Streaming Analytics Use Cases

For advanced analytics, combining batch and stream processing is powerful, albeit challenging

Credit: Dell EMC


Since the advent of Hadoop, enterprises have made remarkable progress on big data analytics. Massive amounts of stored data is “batch” processed to extract the hidden value. More recently, we are witnessing a surge in demand for real time analytics on continuously streaming data. Enterprises are finding “stream” processing very useful in applications such as detecting anomalies and urgent conditions, automating timely actions, uncovering hidden business values, preventing losses and attacks, and improving revenue through new products and services. The obvious next logical step is to combine the two methodologies – concurrent batch and stream processing – analyzing both static-historic and streaming-dynamic data together.

However, several challenges come to play when putting such a solution in practice:

a) Programming models for the computation constructs, that are capable of combining both batch and stream processing, are still in their infancy;

b) Applications must run in a highly distributed manner in order to read-write large data sets from variety of storage, while maintaining a real-time/in-memory data store;

c) Data requires aggregation from spatially and temporally scattered disparate sources such as IoT edge devices; and

d) Skillset to cobble together such reliable applications remains a tribal art

So what are we doing about it?

At Dell EMC, we are pushing the envelope through a solution stack code named “Nautilus”. The concept was announced at Dell EMC World 2017.

The main ingredient in Nautilus is Pravega - an ordered real time data store with exactly once semantics which has been created from the ground up. The throughput capacity of this data store automatically and intelligently scales to match the incoming traffic. Once the buffering capacity of Pravega has been reached, it infinitely tiers (read-write) into colder storage via S3 or HDFS. Pravega uses Apache Zookeeper and Apache Bookkeeper, and has been contributed back to the community as open source code.

Apache Flink is the other integral ingredient of the Nautilus stack. Unlike many other analytics processors in the market, Flink is a general purpose compute engine that distinctly combines both real time and batch processing into a single programing model. Users can write and run simple to very sophisticated code through interactive environments such as Apache Zeppelin. Users more familiar with SQL can interface with Flink (Table) APIs that are built on top of Apache Calcite which is a SQL Parser and Optimizer framework. A special connector to sit between Pravega and Flink is in works. We are also ironing out the HDFS/HCFS interfacing to make buffering, save pointing, and recovery of Flink jobs easier and flawless.

Nautilus is built on Apache Mesos based easy button scalable private cloud environment that tightly integrates Pravega and Flink along with all their dependencies. The solution stack is fully containerized, deployable on commodity hardware, and is built for ease of use, high availability, performance and fault tolerance in global distributed settings.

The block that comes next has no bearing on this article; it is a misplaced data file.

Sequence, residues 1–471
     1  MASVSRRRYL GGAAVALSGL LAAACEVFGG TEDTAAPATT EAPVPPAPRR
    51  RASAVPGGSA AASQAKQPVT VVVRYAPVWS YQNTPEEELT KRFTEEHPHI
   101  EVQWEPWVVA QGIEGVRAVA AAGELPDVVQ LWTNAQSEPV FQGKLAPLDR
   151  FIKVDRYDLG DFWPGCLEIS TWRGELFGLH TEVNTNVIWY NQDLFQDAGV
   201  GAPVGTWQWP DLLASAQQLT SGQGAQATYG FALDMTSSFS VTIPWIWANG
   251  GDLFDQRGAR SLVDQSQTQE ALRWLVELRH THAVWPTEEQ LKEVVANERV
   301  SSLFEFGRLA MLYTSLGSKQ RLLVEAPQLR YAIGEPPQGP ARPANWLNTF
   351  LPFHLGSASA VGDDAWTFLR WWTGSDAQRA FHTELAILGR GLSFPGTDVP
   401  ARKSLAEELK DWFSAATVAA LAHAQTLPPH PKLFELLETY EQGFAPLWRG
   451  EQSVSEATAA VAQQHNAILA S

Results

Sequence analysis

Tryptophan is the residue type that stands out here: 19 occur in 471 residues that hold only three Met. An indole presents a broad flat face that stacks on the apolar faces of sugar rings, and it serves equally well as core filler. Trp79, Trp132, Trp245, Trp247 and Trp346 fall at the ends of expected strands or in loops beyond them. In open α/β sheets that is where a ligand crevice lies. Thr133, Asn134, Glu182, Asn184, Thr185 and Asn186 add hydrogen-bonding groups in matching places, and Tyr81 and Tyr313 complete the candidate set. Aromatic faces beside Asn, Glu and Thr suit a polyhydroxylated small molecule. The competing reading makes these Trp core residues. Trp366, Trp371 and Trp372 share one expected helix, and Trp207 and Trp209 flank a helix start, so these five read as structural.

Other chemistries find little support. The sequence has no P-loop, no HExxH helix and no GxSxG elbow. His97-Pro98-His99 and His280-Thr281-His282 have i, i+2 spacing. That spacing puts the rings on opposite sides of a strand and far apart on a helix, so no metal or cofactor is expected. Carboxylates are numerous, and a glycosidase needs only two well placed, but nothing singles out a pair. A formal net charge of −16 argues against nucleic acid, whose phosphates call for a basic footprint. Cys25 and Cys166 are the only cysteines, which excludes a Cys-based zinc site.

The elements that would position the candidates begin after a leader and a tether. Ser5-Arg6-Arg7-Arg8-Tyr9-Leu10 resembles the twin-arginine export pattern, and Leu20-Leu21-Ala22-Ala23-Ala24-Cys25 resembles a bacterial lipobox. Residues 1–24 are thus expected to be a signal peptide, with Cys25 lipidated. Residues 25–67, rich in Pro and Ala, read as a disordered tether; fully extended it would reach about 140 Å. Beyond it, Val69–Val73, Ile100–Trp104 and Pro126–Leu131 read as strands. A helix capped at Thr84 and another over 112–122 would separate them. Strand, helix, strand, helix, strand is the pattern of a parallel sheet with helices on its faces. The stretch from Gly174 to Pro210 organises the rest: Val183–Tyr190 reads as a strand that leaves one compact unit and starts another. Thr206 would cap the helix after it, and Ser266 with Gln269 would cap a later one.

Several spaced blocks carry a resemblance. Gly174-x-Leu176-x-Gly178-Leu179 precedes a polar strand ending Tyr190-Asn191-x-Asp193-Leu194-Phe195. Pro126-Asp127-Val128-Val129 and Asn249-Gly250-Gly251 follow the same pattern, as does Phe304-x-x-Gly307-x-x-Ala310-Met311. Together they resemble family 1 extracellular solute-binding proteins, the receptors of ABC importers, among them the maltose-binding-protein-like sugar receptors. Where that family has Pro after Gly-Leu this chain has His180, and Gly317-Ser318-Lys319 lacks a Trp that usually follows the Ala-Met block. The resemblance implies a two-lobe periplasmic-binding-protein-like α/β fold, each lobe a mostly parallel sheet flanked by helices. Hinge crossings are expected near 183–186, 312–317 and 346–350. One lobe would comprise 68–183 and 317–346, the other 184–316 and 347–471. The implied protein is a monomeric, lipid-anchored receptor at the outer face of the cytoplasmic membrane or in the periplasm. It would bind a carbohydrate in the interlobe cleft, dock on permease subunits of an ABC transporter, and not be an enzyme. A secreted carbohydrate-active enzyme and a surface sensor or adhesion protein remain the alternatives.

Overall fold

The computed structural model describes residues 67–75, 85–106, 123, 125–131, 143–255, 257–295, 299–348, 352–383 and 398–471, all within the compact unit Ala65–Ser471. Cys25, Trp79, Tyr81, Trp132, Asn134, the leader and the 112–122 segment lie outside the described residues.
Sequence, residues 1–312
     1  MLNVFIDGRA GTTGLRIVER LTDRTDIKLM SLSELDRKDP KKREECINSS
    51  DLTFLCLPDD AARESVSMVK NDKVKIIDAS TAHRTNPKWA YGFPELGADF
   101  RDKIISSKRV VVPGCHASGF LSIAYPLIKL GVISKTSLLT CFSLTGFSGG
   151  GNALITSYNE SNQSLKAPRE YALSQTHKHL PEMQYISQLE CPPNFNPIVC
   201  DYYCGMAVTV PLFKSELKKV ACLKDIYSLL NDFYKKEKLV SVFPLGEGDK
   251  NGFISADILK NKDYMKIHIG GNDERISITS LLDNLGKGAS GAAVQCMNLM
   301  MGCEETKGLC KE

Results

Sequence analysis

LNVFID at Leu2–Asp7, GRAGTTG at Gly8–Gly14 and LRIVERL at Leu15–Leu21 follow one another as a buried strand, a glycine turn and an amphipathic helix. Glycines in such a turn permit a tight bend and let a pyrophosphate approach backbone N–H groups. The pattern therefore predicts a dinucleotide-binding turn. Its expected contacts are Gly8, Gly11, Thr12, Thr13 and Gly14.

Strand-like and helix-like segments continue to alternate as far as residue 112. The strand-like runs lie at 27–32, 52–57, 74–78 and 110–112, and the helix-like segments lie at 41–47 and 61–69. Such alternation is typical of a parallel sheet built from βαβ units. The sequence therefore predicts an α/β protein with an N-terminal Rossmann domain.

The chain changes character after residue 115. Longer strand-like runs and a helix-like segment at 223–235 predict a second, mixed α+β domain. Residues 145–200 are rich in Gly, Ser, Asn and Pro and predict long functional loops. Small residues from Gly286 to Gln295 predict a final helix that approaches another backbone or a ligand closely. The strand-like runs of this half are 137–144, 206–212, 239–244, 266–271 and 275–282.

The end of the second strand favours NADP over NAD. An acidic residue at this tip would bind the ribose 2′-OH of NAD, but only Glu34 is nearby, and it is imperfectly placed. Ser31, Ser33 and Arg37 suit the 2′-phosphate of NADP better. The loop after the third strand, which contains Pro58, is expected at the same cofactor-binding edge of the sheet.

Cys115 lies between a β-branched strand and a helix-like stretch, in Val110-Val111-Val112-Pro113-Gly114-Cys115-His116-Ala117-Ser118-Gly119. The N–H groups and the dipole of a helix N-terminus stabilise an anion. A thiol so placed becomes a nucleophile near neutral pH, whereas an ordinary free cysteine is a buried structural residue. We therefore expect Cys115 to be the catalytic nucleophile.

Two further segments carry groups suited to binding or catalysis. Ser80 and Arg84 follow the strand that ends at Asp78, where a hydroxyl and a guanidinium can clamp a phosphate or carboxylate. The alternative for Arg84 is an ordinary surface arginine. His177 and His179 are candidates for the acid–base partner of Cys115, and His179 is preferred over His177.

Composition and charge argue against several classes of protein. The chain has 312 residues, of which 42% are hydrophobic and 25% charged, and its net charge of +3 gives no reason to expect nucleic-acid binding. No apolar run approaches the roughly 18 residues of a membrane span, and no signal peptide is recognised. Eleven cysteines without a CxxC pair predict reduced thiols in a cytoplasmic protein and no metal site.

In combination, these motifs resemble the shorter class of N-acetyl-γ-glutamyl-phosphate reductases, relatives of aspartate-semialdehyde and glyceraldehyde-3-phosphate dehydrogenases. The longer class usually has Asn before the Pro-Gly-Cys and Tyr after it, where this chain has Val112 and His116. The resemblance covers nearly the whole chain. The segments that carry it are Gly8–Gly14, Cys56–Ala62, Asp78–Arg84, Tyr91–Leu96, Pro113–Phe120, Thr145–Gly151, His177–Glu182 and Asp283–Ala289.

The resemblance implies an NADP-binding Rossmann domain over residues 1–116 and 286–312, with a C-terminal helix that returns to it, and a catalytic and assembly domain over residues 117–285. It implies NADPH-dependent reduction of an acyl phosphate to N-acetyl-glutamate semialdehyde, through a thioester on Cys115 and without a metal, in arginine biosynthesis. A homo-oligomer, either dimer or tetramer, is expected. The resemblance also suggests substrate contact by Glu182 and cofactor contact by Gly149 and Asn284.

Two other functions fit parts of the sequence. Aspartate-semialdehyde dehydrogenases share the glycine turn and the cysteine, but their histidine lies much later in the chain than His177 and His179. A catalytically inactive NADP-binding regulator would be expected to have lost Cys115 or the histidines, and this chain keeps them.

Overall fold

nautilus Dell EMC

Potential use cases for combined batch and stream processing are plentiful: Smart meters, satellite imagery feed, weather forecasting, price fluctuations forecasting, energy trading insights, power outage detection and prediction, load shedding, predictive maintenance, cargo protection, insurance customer profiling, call center customizations, spatial-temporal targeting, competitive intel, automated trading, risk management, personalized care, and smarter surveillance - to mention just a few. Unprecedented value starts emerging as soon as any of these usages are jazzed up with pattern detection, artificial intelligence and/or machine learning algorithms.

However, without a plan, these usages can be fraught with nuances. For example, steaming data at times can be considered perishable. Be it the live bidding for stocks or ads, or choice for an answer on an online test, or the glimpse of a wanted terrorist in a web cam frame, or the arrhythmic beat of a heart patient, if the useful info is not extracted and acted upon quickly within seconds, it might no longer matter. The key is to ingest the data (e.g. using Pravega), compute actionable insights based on combined perishable and accumulated wisdom (e.g. using Flink) , and react to them in real-time. Time is money and of business essence.

Industry is about to hit yet another inflection point. The way we think about data analytics is about to change. It won’t be subtle. I bet by the end of this year, car companies will be able to run a query such as: “show me the real time locations of all xyz model cars in Portland metro, with >90% probability of breakdown in the next 48 hours”, and monetize the extracted business values! Thought leaders are already preparing their enterprises for a smooth upward ride on the streaming analytics wave. Is your company getting ready?

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